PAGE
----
In 2007, Assassin’s Creed was, to me, a game that did little more than encourage idiots to ask, in the loudest and most moronic tone they could muster, ‘have you got ‘dat Assassin game on ‘de PeeEssFree?’ To which I would silently wander off in search of the case, in the vague hope I’d be able to beat myself to death with it before I made it back. Its premise alone made it incredibly popular. And on top of that, it was rubbish. Whilst Ubisoft managed to forge a fancy-looking, appealing concept, they forgot to forge anything else after the first mission, and then evidently leant on the Copy and Paste function 24 times.
That in mind then, you can imagine everybody’s surprise when, last year, Ubisoft did the UNTHINKABLE. They listened. People said Assassin’s Creed was a bit repetitive in the same sort of way they said The Nazi’s were a bit mean. But people have complaints about games all the time, and their inevitable sequels rarely fulfil previous pitfalls and relevant expectations, however glaringly obvious they tend to be. But ACII did. Just about. It wasn’t repetitive; it was fun and fresh and importantly, still kept hold of the few engaging qualities of the original. Christ, so developers have ears? And the base ability to action simple requests? Who knew.
And here we are, a year down the line, and the build up to Assassin’s Creed: BROTHERHOOD’s release would indicate that Ubisoft quite clearly found a multiplayer component lying about in their wardrobe, sellotaped it to ACII and skimmed Brotherhood all the way to the distribution centres. Laughing. Probably. They seem like cheerful people. Either way, there are two rebuttals to such comments. The first was my initial reaction, one I’d sort of prepared myself for before even playing the game. The second is quite different, and only came apparent a sizeable chunk of the way through the Campaign. So is Assassin’s Creed Brotherhood merely Assassin’s Creed 2.5, as all the evidence would suggest? Or is this a full-blown threquel? Or is it neither? Let’s look.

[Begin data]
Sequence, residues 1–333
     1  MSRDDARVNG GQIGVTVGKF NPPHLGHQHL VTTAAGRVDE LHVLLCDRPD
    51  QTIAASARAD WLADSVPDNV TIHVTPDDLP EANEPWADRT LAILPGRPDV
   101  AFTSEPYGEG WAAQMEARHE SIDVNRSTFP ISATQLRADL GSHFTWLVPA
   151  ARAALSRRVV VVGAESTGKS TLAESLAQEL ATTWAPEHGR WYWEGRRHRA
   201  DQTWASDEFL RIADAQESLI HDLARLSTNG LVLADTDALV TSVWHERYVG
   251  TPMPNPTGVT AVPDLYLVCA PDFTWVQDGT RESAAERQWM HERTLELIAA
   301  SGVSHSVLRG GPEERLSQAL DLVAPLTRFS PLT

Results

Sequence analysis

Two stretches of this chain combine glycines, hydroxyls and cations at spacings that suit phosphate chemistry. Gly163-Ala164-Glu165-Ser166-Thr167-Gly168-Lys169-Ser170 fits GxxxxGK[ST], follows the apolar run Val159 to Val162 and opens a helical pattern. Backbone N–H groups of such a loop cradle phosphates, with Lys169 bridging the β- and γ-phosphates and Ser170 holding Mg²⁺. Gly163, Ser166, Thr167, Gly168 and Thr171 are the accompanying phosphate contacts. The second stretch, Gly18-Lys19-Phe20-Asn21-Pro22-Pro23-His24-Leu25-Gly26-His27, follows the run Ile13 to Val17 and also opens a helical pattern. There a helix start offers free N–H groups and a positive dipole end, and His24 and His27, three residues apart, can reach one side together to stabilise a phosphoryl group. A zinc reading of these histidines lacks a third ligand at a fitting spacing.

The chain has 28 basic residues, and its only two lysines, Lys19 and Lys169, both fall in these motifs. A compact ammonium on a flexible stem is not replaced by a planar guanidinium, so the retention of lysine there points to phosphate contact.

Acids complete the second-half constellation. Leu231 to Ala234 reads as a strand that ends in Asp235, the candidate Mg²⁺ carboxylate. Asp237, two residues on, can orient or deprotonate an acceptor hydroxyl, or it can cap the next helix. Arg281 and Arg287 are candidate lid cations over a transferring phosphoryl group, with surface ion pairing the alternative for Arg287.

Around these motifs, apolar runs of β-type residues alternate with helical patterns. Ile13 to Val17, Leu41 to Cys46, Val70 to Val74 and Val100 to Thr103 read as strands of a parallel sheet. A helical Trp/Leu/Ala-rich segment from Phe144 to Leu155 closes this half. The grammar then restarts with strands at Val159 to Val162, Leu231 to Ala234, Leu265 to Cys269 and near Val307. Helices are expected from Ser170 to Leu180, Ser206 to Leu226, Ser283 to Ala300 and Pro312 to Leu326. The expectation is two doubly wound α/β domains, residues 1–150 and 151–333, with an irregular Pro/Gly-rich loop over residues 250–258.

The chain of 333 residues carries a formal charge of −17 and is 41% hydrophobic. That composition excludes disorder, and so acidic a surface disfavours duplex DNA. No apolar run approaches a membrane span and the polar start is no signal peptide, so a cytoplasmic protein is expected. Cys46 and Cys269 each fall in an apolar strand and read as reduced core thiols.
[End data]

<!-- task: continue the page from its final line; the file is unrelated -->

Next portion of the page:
So to say Brotherhood ‘picks up where you left off’ would be to say something immensely accurate. Well done. You start in the same room, literally moments after the culmination of ACII. You’ll remember the heaps of armour you amounted, that’s all back. You’ll fondly recall the sharp-edged weaponry that spent more time in other people’s necks than anywhere else, you get those back too. You may even remember your villa, your sprawling settlement you built from the ground up. Even if you don’t it all quickly comes flooding back, as your first moments are spent lavishly wandering around your estate, meeting the locals and showing off about your big house and your moustache, and making jokes about how poor they probably are. Course, this lasts for a solid 17 seconds before the non-fictional Borgia army roll in and start wrecking the place up, waggling their size tens everywhere. Before you know it, you’re without armour, weapons or even a home. The Apple of Eden you worked so hard to procure has been stolen by Cesare Borgia, who also happens to have flailingly killed your Uncle in the process. Back to square one. And pretty pissed, by all accounts. After tracing Cesare back to Rome, you find the city in ruins, whilst your Assassin buddies are regularly getting a bit of a hiding by the Borgia boys, who control huge parts of the city with their towers and their red capes and their pushy attitudes. Laboured with the task of sorting out everybody else’s shit, as was evidently per in renaissance Italy, you set about not only hunting down your Uncle Mario’s killer, Apple thief and general worst enemy Cesare Borgia, but also rebuilding Rome and attempting to reassemble your incompetent band of useless no-hoper Assassins. There ain’t no rest for the wicked. Or for swaggeringly athletic historic Italian contract murderers. Apparently.
Brotherhood reunites all the old core mechanics, the blending in with crowds, the endless parkour, the interesting yet robotic combat system. Whilst perhaps being tweaked, no noticeably large changes have been made here. Although this is essentially a super great thing, it does also mean that no one’s even attempted to iron those niggles out. Perhaps they were afraid they’d burn it if they tried. At times, the controls are lithe, a nimble pleasure to use that let you easily leap across the map, ascending buildings and fluidly cascading rooftops as though you were a 14th Century Italian Spiderman. With a somehow larger chip on his shoulder.